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Stubb and Haavisto continue to 2nd round in Finland's presidential race

By Anne Kauranen and Essi Lehto

HELSINKI (Reuters) -Centre-right candidate Alexander Stubb of Finland's National Coalition Party narrowly won the first round of the country's presidential election on Sunday and will face liberal Green Party member Pekka Haavisto in a run-off, official data showed.

With all votes counted, Stubb came first with 27.2% support, followed by Haavisto on 25.8%, and nationalist Jussi Halla-aho third with 19.0% support. A run-off between the top two will be held on Feb. 11.

Finland is electing a new president to lead the country's foreign and security policy in its new role within NATO after it broke with decades of non-alignment to join the Western defence alliance in response to Russia's invasion of Ukraine.

"You know what, we made it to the final, but the competition will only begin now," Stubb, a former prime minister, told his supporters.

Stubb's rival for the second round, former foreign minister Haavisto, is a human rights defender who has worked also as a peace negotiator.

Haavisto would become Finland's first openly gay president if elected.

"Now our task is to reach those whose candidate is not in the second round," Haavisto said in a speech to his supporters.

Voter turnout stood at 74.9%, official data showed, up from 69.9% in the last presidential election in 2018.

FOREIGN POLICY LEADER

Finland's president leads on foreign and security policy in close cooperation with the government and represents the country at NATO meetings, while also acting as a commander-in-chief of the Finnish Defence Forces.

The new president will take the helm of Finland's foreign and security policy from incumbent Sauli Niinisto, who is retiring after two consecutive six-year terms.

Both Stubb and Haavisto are supporters of Ukraine and have called for tough measures against Russia.

During their electoral campaigns, Stubb and Haavisto steered towards the political middle, while Halla-aho maintained his right-wing conservative profile.

In Helsinki one advance voter, 26-year-old Leena Boksha, said it was particularly important to vote this time because of the war in Ukraine and the difficult situation it created.

She said Stubb, seen by Finns as a cosmopolitan pro-European, was the right person to head the country's foreign policy.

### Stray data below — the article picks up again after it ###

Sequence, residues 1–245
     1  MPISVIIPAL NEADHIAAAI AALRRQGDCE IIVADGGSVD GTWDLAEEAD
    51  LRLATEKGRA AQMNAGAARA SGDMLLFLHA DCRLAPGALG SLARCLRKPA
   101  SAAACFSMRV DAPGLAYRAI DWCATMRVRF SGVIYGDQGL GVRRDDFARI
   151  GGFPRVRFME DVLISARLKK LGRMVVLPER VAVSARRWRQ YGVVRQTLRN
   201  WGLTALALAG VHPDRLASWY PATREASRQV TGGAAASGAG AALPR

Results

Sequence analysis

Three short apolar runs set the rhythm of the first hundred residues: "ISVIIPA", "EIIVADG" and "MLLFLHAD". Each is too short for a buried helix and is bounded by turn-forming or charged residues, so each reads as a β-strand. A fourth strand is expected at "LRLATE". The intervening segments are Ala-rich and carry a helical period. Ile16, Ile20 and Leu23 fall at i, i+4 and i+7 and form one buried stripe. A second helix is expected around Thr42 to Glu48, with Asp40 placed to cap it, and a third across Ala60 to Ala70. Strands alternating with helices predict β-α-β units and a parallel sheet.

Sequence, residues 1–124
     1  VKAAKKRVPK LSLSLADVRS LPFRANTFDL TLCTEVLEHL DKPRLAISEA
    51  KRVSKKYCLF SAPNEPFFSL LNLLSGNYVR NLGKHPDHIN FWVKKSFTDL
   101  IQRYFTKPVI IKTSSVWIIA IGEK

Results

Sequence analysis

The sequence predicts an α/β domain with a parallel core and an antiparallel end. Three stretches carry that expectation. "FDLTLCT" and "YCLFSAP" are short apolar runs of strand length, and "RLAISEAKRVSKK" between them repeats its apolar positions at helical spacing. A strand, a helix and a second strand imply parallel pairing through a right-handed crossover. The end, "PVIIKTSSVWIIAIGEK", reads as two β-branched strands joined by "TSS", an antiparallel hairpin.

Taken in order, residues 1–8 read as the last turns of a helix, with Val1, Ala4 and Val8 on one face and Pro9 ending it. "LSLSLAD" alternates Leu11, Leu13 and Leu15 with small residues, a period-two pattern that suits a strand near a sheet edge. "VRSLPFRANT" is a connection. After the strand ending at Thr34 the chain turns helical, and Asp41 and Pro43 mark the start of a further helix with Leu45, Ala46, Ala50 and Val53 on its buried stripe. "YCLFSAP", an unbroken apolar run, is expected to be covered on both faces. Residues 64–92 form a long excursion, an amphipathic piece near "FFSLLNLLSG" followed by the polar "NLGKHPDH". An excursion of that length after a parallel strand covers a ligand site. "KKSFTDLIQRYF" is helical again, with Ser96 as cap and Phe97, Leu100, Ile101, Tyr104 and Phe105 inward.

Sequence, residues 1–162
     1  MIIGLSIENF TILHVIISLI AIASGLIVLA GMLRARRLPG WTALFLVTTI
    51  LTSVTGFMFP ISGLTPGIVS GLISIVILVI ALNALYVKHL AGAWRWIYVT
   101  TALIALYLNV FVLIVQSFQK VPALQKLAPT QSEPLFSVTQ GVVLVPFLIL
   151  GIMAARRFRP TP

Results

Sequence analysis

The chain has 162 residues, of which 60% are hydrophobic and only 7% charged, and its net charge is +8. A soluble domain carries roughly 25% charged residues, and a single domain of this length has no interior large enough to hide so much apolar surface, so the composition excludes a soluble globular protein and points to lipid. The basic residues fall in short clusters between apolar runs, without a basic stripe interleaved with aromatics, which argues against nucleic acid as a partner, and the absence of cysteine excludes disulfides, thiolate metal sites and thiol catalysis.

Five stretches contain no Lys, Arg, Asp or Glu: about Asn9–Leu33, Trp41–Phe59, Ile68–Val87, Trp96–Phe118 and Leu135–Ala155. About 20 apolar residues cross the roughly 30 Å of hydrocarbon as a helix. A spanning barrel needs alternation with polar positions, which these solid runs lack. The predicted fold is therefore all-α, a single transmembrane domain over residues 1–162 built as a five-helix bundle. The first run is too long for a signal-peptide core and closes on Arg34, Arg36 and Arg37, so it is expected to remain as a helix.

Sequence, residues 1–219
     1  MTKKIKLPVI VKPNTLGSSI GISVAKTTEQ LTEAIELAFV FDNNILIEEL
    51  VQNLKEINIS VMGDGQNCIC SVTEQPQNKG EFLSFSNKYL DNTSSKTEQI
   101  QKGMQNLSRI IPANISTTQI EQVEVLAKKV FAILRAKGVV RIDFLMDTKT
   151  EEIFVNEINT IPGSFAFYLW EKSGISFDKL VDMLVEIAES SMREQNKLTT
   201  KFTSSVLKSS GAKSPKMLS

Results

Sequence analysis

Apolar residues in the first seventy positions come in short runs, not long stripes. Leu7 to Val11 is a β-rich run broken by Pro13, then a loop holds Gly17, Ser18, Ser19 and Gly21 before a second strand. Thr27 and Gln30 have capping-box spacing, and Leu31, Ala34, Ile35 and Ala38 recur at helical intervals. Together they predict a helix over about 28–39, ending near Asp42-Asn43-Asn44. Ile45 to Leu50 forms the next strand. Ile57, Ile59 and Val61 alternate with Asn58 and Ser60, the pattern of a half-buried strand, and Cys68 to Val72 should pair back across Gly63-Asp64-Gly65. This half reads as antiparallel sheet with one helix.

"I voted Alexander Stubb because I think he's very good at dealing with other countries and he has a good relationship with people outside Finland," said Boksha, who was out with her baby to accompany a friend to vote on Sunday.

Jere Markkinen, a 22-year-old student in mechanical engineering, took a different view.

"I don't think he (Stubb) would be a very good president because he doesn't seem like he wants to represent the people, he wants to represent himself," Markkinen said, adding he had voted for Haavisto in advance.

"He is experienced in foreign politics and is known for generally acting smart, unlike some other candidates."

The Nordic country's admission to NATO last year drew threats of "counter measures" from its much larger neighbour. In December, Finland closed its entire border with Russia to passenger traffic in response to a surge in migrants trying to cross. Moscow denied Finnish charges that it was sending the migrants.

NATO PRESIDENT

The 55-year-old Stubb is a pro-European fiscal conservative, who described himself as "moderate" in an interview with Reuters ahead of the election.

Stubb said the next president would not only be the first Finnish NATO president, but also "a Western president in many ways", calling for a leaning towards countries such as the U.S, the UK and Finland's Nordic neighbours in foreign policy.

"I think that Finns are searching for a new era president," Stubb told public broadcaster Yle on Sunday.

Haavisto, who was runner-up to incumbent president Niinisto in 2018 and 2012, led Stubb in polls for months, but the tide turned in December.

During the electoral campaign, candidates have competed in setting the toughest stance against Russia, which does not benefit Haavisto, who is known as a left-leaning liberal, University of Helsinki political scientist Johanna Vuorelma told Reuters ahead of the election.

"In the discourse on border measures, there is clearly a hardening so that the human rights perspective is pretty much on the margin at the moment," she said.

"I would see that this setup benefits right-wing conservatives more than left-wing liberals," Vuorelma said, adding that Haavisto was among candidates who have had to seek a harder line to appear credible.

(Reporting by Anne Kauranen and Essi Lehto in Helsinki, and Elviira Luoma in Gdansk; Editing by Terje Solsvik, Hugh Lawson, David Holmes and Leslie Adler)